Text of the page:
Time in the Market, Not Timing the Market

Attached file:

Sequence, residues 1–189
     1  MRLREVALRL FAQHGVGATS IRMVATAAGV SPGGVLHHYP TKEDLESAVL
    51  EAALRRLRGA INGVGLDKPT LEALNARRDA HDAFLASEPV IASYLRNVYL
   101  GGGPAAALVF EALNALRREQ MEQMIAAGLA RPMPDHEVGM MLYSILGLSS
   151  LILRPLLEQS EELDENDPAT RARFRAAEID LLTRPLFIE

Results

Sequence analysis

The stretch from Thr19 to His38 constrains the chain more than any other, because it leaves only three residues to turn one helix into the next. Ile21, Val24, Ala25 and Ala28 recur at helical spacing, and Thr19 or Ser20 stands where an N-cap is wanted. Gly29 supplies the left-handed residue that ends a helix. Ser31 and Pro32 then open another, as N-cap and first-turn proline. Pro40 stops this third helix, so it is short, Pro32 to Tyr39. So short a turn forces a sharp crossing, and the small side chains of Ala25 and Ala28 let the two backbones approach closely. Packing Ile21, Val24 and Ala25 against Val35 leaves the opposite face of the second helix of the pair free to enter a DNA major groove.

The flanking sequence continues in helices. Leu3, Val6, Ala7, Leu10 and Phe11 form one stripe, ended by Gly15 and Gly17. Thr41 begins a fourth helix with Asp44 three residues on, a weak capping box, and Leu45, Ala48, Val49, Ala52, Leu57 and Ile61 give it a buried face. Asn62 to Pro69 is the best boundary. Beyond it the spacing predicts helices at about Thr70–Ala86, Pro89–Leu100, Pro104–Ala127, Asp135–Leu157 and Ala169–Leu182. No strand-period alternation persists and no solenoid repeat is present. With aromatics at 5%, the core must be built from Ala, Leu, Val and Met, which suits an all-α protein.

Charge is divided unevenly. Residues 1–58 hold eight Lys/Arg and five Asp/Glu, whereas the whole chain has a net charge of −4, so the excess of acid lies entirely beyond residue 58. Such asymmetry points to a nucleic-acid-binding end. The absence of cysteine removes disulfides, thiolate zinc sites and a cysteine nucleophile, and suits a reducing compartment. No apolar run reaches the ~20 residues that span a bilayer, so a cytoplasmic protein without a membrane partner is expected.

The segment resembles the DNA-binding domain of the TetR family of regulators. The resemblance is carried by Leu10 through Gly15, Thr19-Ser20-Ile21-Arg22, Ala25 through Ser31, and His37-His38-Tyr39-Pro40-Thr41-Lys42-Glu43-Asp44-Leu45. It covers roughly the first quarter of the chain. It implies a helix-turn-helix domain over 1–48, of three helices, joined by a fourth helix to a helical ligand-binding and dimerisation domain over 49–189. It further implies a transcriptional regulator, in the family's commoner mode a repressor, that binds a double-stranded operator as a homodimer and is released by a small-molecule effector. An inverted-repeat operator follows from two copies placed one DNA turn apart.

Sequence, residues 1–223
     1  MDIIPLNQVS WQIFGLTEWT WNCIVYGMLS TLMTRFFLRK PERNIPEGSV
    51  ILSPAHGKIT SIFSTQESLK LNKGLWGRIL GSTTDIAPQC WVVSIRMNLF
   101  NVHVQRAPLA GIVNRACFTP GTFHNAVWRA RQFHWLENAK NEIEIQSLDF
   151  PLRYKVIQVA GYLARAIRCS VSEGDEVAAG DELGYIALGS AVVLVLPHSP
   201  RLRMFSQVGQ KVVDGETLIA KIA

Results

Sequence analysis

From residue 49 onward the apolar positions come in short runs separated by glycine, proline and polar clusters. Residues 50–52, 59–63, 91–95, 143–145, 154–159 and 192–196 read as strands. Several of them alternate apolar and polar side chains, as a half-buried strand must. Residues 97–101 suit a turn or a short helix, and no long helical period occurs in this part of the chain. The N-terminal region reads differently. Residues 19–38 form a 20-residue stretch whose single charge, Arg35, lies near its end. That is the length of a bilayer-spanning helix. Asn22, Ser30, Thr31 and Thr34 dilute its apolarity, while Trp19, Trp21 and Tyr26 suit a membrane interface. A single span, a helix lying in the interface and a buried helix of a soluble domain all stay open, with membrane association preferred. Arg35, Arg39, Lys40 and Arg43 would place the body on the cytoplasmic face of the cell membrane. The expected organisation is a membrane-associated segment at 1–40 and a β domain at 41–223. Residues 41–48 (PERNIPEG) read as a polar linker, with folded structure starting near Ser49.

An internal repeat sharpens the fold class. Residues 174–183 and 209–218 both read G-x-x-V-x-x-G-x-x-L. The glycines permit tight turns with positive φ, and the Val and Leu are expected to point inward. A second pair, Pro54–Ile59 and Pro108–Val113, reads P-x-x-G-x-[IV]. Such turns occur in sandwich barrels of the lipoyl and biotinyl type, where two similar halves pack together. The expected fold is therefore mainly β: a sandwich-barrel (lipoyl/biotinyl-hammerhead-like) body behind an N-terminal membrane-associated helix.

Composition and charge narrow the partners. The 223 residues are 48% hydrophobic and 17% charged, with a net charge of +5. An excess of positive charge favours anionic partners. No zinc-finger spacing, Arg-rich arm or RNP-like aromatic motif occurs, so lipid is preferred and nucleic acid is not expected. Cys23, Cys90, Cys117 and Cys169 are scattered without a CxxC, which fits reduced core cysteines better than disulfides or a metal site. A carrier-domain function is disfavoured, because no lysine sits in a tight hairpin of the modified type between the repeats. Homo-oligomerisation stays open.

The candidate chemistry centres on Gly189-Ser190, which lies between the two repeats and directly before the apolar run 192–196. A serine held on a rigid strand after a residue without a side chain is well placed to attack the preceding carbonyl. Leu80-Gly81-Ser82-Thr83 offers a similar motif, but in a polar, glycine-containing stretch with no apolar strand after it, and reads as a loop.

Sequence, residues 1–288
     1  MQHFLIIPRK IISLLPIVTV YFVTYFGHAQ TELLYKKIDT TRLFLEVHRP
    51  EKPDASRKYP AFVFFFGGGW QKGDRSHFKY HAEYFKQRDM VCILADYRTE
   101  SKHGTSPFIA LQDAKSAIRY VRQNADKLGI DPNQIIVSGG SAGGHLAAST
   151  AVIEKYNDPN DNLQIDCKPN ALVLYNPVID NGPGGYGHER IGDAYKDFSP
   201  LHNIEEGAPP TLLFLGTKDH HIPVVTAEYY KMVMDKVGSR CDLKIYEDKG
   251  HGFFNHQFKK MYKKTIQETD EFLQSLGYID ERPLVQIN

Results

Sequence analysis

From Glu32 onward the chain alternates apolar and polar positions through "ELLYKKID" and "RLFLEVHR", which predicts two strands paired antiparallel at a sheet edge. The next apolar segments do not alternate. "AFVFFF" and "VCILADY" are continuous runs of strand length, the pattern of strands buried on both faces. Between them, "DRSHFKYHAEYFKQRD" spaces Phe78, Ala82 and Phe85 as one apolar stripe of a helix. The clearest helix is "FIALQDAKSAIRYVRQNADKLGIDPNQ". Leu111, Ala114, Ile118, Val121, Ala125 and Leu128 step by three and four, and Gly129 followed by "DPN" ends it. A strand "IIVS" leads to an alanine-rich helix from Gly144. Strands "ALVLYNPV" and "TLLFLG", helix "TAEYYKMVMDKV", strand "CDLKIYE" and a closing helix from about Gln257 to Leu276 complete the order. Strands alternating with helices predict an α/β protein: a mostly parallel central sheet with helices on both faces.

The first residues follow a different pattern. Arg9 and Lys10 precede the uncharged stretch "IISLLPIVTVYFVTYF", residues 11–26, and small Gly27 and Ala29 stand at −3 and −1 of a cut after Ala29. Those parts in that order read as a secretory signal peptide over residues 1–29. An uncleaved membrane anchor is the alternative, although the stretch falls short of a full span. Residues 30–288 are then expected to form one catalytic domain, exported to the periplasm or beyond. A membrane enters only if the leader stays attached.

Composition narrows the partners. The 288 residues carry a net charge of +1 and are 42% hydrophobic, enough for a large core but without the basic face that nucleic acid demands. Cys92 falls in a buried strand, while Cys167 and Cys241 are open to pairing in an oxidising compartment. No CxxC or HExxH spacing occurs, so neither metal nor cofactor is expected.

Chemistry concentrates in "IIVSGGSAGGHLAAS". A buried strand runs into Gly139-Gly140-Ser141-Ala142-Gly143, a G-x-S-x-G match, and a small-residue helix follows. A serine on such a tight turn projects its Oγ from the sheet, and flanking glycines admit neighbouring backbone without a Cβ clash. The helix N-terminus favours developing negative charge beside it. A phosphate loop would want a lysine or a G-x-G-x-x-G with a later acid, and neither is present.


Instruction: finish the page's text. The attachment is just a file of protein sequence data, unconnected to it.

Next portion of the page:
The US stock market, measured by the S&P500 index, has returned over 200% since its 666 “devil’s low” in March 2009. Stocks in most other regions, including the UK, Europe and many emerging markets have done similarly well. Many investors have made a lot of money in recent years. However, there are also many investors who had sold during the panic of 2008 and didn’t re-enter – in 2015 they are still in cash, waiting for the next correction and missing the rally entirely. It would be very hard to find a single person who had stayed out of the market throughout its fall in 2007-2009, got in exactly (or almost exactly) at the March 2009 low and stayed invested the whole time since then, resisting the urge to sell on the numerous corrections which some analysts always considered the beginning of the next big crash. In other words, it’s hard to find a person who can enter and exit the market with perfect timing.  Indeed, it is hard to find people whose market timing abilities are good enough to at least make more money than simply staying invested the whole time and doing nothing, especially when transaction costs are taken into consideration. You can compare the returns of actively managed funds with those of passive or index funds for quick evidence – the majority of the actively managed funds are lagging behind. Although there are always fund managers who get it right on a few occasions and outperform for a few years, such record is rarely maintained over a longer period. If even the best fund managers are unable to consistently predict the market’s direction, what should an individual investor do to ensure he takes advantage of the bull markets and stays out when stocks crash? The answer is to only pick one of these two objectives because in the absence of reliable market timing method they are mutually exclusive. You either invest in the stock market and take the bad (the occasional crash) with the good (the long-term growth), or you stay aside and keep your money in bonds or in a savings account. If you invest in stocks, you will have to accept higher volatility and unpredictability, but in the long run, you will be rewarded by higher return relative to bonds or cash. However, to make sure you achieve this higher return, you must resist the temptation to sell when the market “feels expensive” or when some analyst or salesman is persuading you to switch from stocks to some other “hot investment opportunity”. In the stock market, the real fortunes are made by patient waiting, not by frequent buying and selling. One method which can be very effective for long-term stock market investing is to regularly buy stocks (or an index fund) for a fixed amount of money. For example, every month you buy shares for £1,000. When the market happens to drop, you will be able to buy more shares for the same amount of money. When the market is high, the number of shares you buy will be lower. This way you will buy more when stocks are cheaper and less when they are expensive. It is known as dollar-cost averaging. The key to success is applying this method consistently and not selling your shares, even when you feel like the market could crash. Although a crash will inevitably come at some point, the market will eventually recover, as it did after the 2008 crisis and after any other bear market in history. Besides, with the cost averaging method the volatility will give a disciplined investor an opportunity to buy shares at a discount. Of course, this assumes that your investment time horizon is long enough. When you get close to retirement and are likely to need the money in the next few years, you should (perhaps gradually) switch from stocks into less volatile assets such as bonds or cash.

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